Blended learning is merely an instructional design.  The reality is, the instructional design process is not a destination – it’s more of a journey.  Staff learn and refine each year and adapt to changes.  The staff member changes, the students change, society’s ask changes.  Frankly, the world changes.  As the instructional design process has evolved in the early part of the 21st century, it has shown new pathways that give students more choice over their learning time, place and pace.

Over the past several years,  Saline High School has offered a course called the Capstone Experience. It is a year-long class offered to seniors and offered in a “blended” format.  In the Capstone Experience,  students meet with the teacher only two or three times each week.  On the other days, students conduct research, collaborate with peers on the design of a service-related project, and participate in community-based projects. The term “blended instruction” can mean a lot of different things; the Capstone Experience is just one format.

The Saline Alternative High school uses a blended learning format to teach several core classes. Personal Finance, an online course, helps students understand global economics and how to make better-informed decisions about their own finances. Lessons are presented online, supplemented with additional content that the teacher provides, and then students work collaboratively to answer project-based questions about the coursework. Another teacher uses a blended learning format to present the Expository Reading and Writing course. Again, this is an online class, yet the teacher guides the instruction and provides opportunities for small group discussion on a wide range of complex texts. Student writing is enhanced through peer editing and multiple review opportunities.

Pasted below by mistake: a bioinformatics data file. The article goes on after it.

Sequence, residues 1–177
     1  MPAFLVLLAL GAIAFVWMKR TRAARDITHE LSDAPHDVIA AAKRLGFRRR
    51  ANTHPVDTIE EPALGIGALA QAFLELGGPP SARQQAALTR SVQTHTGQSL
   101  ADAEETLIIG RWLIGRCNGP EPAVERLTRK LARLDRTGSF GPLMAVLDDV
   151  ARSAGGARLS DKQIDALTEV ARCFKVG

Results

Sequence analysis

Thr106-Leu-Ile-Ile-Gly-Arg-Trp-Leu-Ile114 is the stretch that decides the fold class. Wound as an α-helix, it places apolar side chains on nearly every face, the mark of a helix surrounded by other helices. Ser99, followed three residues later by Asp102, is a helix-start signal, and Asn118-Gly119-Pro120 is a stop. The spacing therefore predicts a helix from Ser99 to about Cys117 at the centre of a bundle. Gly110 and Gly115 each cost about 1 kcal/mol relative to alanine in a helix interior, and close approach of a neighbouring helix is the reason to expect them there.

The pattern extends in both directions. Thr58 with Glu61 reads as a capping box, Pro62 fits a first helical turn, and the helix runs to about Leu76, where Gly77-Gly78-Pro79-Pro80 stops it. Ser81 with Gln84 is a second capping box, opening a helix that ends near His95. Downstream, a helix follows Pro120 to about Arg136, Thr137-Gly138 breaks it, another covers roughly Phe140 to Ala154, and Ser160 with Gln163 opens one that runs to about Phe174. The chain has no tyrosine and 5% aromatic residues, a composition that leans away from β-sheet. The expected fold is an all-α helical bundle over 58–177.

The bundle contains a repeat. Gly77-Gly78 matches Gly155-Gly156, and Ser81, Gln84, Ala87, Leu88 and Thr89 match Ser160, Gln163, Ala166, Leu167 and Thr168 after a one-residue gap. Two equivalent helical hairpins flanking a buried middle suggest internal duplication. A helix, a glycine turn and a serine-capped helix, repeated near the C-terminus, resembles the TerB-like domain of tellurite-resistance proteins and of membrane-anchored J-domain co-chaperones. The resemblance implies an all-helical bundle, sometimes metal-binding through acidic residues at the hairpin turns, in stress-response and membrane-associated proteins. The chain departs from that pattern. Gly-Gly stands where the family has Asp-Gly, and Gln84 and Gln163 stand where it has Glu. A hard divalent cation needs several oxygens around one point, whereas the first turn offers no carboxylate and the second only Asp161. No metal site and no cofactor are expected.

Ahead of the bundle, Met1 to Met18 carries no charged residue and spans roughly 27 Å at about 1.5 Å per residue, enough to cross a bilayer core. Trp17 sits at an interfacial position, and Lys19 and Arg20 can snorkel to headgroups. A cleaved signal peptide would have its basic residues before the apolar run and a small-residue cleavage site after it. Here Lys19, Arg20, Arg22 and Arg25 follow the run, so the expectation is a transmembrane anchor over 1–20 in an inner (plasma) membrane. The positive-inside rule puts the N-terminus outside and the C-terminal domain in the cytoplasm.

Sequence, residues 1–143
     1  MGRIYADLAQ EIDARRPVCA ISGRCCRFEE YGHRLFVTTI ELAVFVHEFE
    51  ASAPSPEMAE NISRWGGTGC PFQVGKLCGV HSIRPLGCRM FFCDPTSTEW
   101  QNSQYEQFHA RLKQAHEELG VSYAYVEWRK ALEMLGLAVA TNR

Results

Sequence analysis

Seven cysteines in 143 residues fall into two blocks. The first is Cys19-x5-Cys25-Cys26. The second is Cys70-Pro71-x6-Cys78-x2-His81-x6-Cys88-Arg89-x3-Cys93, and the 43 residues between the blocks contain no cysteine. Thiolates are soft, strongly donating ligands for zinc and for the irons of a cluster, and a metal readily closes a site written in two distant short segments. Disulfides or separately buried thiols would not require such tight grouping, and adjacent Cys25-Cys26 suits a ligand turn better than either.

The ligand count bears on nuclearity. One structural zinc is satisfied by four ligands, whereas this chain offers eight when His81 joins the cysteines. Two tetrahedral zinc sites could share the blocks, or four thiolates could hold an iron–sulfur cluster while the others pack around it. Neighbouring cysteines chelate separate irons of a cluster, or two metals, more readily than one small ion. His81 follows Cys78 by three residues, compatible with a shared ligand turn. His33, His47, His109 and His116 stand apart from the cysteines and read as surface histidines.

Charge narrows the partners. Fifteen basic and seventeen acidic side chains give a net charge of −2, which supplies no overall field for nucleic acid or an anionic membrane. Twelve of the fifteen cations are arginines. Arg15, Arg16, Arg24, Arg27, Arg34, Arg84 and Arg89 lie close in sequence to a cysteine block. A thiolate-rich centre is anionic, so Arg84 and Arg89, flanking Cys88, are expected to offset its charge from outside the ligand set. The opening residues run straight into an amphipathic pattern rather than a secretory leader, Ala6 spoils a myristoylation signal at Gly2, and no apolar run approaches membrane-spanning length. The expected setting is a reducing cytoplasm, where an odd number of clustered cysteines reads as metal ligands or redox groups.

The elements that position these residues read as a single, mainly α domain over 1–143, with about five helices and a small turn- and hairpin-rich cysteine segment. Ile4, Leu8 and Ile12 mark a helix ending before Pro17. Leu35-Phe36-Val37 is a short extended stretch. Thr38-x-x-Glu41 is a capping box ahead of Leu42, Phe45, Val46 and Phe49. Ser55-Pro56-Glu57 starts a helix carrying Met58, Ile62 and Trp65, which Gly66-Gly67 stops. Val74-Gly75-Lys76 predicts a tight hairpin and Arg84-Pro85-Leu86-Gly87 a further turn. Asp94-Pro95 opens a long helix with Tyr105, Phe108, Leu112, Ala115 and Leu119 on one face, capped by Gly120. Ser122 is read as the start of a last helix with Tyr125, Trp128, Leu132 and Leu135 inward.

The majority of courses at the Saline Alternative are presented in a “Flex” model of blended instructional learning. Most of the curriculum is provided through an online curriculum. Teachers are available to provide tutorial, re-teaching, and curricular enhancements as indicated.
As we plan for 2018-2019, we intend to explore further and incorporate blended learning at Saline High School and beyond.  Staff are currently learning about the process, and will shortly begin developing the structure.  Ideally, students will be able to choose the way the instructional format of some of their classes next year – face to face, blended, or entirely online.

Foundations for Positive Social, Emotional and Mental Health

December 2, 2017

Over the last few years, Saline Area School counselors and social workers teamed up to develop a list of positive social, emotional, and mental health foundations. This list encompassed many of the critical attributes that students need to possess in order to be “mentally fit.”

This past year, the Saline Area Schools Wellness Committee felt that it was essential to take this list of foundations and further develop and implement them. The group critiqued the list; added a few and removed others. Next, the Committee established a simple list of techniques that can be used by adults (teachers, parents, community members, etc.) to help students build the proper foundations they need to be “mentally fit.” Seen below is the list of foundations along with the suggested strategies for implementation. The “Saline Area Schools Foundations of Positive Social, Emotional, and Mental Health” cards are in use throughout the District.

As a District, all building Principals, social workers, counselors, and teaching staff are putting greater emphasis on supporting these foundations. Healthier, happier, more socially adjusted, and more resilient youth is the goal of this important initiative.

Foundation Card

%d bloggers like this: